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But Seriously, Folks
He ambles into the living room, which houses a pool table, and shoots a quick game of nine-ball. Then he heads to the bedroom to pack his bags.
It's another long day on the campaign trail. He was up at dawn to address a convention of teachers at an Austin hotel. Then he held a quick news conference, revealing, among other things, that he prefers campaigning among Hispanics because "their food is better." Now he's heading to Houston, first stop on a four-day campaign swing.
Jewford stuffs their suitcases into the campaign's rented Chevy Trailblazer, then gets behind the wheel. Kinky rides shotgun and fires up a cigar.
For the next several hours, he keeps up a steady stream of jokes, gripes and stories. He calls Democrats and Republicans "the Crips and the Bloods." He grumbles that election law forbids campaigns to pay the candidate. "And my staffers," he adds, "are such officious, honest [bleeps] that I can't suck any bucks out of the campaign." And he complains about people who complain that his speeches are full of one-liners: "All politicians speak in one-liners and sound bites. They're just not as funny as mine."
He quotes Mark Twain. He quotes Oscar Wilde. He quotes a pig farmer he met while campaigning: "You ain't worth a damn," the farmer told Kinky, "but you're better than what we got."
He puffs on his cigar a while, then lets it go out and stuffs it into his pocket. A few minutes later he retrieves a different half-smoked cigar from his pocket and ignites it.
"Churchill said cigars are 'gamier when resurrected,' and he was right," he says.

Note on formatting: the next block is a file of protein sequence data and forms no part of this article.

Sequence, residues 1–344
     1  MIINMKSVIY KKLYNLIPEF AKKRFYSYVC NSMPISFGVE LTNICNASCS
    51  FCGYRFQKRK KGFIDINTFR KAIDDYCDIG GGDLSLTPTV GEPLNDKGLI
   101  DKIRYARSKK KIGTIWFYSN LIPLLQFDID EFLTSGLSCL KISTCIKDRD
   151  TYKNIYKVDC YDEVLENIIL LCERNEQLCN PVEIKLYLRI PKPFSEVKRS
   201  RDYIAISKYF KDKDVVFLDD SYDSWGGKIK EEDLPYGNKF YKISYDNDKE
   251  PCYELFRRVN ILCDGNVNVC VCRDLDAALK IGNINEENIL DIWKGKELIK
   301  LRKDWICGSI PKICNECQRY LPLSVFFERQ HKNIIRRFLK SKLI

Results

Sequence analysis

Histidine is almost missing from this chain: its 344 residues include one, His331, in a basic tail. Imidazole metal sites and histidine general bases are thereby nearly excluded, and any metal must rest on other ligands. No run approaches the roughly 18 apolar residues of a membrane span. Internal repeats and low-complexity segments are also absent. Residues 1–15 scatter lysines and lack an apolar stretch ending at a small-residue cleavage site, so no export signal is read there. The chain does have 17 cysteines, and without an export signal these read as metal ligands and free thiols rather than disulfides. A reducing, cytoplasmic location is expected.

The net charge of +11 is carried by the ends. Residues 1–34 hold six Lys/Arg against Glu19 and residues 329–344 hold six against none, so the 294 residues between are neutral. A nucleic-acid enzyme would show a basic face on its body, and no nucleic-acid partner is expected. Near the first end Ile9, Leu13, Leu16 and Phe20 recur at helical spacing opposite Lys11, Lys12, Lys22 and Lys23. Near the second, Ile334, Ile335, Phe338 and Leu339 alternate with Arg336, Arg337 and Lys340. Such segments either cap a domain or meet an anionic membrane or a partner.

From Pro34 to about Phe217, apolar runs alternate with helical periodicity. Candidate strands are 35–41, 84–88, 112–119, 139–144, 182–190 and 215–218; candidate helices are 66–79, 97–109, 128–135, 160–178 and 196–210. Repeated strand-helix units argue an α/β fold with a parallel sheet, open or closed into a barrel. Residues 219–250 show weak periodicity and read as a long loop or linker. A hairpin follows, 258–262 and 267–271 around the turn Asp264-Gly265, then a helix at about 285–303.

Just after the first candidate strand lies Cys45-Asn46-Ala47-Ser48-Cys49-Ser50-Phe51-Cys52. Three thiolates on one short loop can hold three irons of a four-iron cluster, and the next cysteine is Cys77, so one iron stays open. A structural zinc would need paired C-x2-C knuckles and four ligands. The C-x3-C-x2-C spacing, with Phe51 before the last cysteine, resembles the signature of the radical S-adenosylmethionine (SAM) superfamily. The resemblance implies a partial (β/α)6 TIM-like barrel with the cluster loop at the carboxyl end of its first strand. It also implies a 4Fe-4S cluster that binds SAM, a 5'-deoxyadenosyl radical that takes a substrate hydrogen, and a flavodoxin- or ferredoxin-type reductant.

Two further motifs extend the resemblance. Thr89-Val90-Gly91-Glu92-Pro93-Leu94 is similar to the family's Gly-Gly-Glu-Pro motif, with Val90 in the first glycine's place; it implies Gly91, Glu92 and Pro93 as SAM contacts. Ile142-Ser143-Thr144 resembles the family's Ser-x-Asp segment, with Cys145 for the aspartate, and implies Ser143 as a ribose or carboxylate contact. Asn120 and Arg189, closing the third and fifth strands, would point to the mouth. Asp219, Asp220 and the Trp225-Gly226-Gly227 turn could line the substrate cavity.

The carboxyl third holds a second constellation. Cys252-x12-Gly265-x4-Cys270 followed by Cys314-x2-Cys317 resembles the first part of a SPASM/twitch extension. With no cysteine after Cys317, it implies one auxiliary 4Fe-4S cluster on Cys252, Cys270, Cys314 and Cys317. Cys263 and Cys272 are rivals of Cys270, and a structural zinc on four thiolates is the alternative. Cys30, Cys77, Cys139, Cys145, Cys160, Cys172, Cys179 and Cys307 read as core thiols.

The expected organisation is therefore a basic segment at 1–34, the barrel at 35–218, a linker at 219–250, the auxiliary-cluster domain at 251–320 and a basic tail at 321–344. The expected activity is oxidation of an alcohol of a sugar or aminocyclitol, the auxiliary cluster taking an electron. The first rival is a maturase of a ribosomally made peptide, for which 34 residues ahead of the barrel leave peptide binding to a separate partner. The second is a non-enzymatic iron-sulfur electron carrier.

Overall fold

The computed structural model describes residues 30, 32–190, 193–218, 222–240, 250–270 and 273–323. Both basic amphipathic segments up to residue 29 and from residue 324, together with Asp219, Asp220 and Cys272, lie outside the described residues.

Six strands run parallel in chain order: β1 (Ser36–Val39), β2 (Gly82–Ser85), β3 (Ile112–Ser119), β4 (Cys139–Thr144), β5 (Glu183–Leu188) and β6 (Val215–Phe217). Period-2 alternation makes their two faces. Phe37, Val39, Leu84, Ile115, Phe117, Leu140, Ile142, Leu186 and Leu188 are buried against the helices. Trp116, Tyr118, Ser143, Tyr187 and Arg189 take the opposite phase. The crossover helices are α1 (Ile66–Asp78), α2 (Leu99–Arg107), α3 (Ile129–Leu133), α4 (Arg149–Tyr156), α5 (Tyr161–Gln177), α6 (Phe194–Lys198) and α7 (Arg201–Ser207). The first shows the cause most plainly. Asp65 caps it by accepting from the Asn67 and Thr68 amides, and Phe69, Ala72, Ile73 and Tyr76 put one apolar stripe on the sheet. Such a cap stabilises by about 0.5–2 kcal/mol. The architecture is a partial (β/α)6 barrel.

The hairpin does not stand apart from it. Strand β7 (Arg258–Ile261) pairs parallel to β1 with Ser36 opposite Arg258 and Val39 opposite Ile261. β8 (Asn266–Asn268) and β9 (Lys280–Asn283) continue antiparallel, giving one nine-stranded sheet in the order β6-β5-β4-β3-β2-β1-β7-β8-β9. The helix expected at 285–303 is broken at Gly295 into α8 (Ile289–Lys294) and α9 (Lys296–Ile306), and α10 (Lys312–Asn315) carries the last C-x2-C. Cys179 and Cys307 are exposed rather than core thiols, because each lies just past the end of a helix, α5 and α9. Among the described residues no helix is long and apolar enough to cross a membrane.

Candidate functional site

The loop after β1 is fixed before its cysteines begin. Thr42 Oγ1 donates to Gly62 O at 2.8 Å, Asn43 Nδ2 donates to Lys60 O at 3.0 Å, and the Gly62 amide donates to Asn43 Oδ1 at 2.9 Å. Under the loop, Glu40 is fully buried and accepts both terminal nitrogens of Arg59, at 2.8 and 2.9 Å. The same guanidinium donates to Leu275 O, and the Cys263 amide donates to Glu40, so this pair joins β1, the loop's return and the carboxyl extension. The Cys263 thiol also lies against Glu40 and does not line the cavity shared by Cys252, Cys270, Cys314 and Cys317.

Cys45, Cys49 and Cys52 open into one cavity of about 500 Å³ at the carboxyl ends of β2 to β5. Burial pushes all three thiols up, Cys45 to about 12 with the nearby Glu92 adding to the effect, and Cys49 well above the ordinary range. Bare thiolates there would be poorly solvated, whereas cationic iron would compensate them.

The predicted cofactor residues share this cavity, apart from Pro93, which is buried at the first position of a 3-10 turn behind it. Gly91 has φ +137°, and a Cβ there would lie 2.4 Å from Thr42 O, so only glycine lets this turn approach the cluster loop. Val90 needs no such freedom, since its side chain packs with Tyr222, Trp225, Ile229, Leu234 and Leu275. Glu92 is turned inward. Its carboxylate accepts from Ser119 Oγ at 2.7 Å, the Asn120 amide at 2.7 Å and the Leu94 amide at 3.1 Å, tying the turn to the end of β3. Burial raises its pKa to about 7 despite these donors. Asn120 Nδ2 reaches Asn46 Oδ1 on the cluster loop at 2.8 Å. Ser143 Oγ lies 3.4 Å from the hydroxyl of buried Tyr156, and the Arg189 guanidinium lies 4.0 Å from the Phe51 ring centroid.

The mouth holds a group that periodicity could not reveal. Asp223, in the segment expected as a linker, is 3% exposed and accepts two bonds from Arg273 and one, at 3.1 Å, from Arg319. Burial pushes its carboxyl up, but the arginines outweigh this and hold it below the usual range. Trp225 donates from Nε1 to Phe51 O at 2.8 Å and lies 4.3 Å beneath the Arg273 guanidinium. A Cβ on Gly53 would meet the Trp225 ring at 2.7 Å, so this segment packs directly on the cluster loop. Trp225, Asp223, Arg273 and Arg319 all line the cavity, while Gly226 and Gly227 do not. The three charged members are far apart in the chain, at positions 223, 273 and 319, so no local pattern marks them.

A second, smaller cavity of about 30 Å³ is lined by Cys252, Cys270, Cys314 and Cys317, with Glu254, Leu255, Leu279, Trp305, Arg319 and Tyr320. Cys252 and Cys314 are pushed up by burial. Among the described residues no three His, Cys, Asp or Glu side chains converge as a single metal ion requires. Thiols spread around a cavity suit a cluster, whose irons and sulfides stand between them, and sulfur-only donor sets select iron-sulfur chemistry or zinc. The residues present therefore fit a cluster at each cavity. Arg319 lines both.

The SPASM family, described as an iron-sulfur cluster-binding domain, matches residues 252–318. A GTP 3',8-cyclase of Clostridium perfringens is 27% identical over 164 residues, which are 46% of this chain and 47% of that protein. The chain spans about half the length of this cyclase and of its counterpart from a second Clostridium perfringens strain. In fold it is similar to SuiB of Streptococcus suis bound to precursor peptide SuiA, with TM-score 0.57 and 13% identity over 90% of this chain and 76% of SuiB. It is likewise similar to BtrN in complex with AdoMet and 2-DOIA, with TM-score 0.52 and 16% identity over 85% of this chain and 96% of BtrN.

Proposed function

Cruising into Houston on Interstate 10, the Trailblazer runs into a traffic jam. This makes Kinky cranky. He gripes about the traffic. He gripes about Houston. He calls his campaign headquarters to gripe about the next item on his schedule -- taping an ad for the Houston Comets, a women's professional basketball team.
"I don't like basketball and I don't like women's basketball," he grumbles into his cellphone. "If it was roller derby, it would be different."
He listens for a while, puffing away. "All right, I'll do it," he says, "and in September you'll have your candidate in a mental hospital."
He hangs up, then starts trying to figure out what to say in this ad. It's got to be something different, something funny, something . . . Kinky . He tries out a few jokes but rejects them. Then it comes to him -- the perfect line. He starts grinning mischievously.
The Trailblazer pulls into a parking garage beneath the Toyota Center, where the Comets play. A young woman leads Kinky into a TV studio and sits him down behind a fake anchorman desk. It's the Comets' 10th anniversary, she explains, and Texas celebrities are taping greetings that will be played at the arena during games.